Experimental Lab 8: Mitotic Cell Divison
The objective of this experiment is to familiarize the student with the recognizing and identifying different types of cellular division in plant and animal cells. All cellular division in in eukaryotes undergoes DNA replication, nuclear division, and cytokinesis. In mitosis, one haploid cell is converted into two identical haploid cells. However in meiosis, two diploid cells divide into four haploid cells. In this experiment we will observe and identify the four stages of mitosis, including prophase, metaphase, anaphase, and telophase, and which stage the cell spends most of its time in.
Materials and Methods
The detailed procedure and list of materials can be found in pages 82-96 of the Biology 203L Lab Manual. No modifications or changes were made to the procedures.
There are many similarities and differences that we observed and know between meiosis and mitosis. First, mitosis produces two identical haploid cells from one haploid cell. In contrast, meiosis produces four non-identical haploid cells from one diploid cell. Similarly, each process goes through the main stages of the cellular division cycle, including DNA replication, nuclear division, and cytokinesis. In mitosis, the first stages of prophase, anaphase, metaphase, and telophase all appear similar to meiosis. In order to see the different stages of cellular division, a researcher would have to stain the chromosomes of the cell, as they are the information being replicated and divided to create new cells. If I were to design an experiment to study the cell cycle, I would take reproductive organ cells from an animal and study the process of meiosis. Mutations typically occur in prophase I when the chromosomes undergo crossing over.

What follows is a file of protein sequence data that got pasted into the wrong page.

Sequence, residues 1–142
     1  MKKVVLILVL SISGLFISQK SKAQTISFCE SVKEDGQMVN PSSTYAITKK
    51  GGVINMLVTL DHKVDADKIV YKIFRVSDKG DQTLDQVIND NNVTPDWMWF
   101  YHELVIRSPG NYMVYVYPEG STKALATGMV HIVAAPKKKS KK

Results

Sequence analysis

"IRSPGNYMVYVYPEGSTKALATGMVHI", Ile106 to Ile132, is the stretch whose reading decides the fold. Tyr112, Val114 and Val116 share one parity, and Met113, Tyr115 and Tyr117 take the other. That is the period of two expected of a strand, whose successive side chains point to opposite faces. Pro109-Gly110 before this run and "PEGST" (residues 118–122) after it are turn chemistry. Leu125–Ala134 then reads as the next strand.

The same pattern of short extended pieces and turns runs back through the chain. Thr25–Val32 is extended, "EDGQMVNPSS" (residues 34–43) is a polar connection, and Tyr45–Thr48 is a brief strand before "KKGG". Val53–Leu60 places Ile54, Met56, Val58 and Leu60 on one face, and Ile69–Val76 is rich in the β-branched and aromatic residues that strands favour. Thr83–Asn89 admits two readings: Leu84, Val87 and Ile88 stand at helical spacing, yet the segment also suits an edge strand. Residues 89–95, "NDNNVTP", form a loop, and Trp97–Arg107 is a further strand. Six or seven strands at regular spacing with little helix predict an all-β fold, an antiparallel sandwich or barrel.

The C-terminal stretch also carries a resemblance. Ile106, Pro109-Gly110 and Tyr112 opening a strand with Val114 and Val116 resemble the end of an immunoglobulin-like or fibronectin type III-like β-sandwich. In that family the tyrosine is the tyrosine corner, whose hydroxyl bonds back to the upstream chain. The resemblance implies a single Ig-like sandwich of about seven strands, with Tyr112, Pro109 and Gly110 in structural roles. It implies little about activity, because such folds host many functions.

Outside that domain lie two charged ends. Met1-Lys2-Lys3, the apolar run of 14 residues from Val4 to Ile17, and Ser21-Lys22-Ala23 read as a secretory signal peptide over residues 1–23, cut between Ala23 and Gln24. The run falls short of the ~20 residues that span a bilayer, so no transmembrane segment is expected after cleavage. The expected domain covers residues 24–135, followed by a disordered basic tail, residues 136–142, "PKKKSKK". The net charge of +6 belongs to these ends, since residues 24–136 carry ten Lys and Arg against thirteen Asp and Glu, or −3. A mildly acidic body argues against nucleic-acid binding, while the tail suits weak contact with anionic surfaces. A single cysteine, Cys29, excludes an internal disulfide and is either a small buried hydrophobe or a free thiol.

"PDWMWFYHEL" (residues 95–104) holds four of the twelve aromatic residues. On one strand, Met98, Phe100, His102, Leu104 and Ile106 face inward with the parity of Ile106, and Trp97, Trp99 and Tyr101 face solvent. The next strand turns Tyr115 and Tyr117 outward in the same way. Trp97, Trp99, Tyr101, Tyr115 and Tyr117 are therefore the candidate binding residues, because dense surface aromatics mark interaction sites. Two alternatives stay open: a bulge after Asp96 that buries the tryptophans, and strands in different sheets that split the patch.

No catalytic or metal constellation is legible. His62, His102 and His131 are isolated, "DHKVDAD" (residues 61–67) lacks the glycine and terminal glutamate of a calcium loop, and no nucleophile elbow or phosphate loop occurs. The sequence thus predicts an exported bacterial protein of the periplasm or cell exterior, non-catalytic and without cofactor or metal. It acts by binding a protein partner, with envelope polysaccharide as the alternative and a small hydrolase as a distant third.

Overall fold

The main purpose of gel electrophoresis is to separate different macromolecules to identify specific bands in DNA and RNA samples as well as compare samples together. In the gel, the different molecules move at different rates through the agarose, similar to how the different solutions of sodium chloride moved through the agar solution at different rates in experiment five. Smaller molecules will move quicker through the gel as the electrical current runs from top to the bottom, aiding the movement of the segments. In our experiment, DNA from different suspects was collected and ran through a gel electrophoresis to compare to the crime scene data. We observed the gel (pictured below) and concluded that the crime scene DNA (column 3) best replicates the DNA from Hannibal (column 5). Therefore, Hannibal must be the culprit of the crime.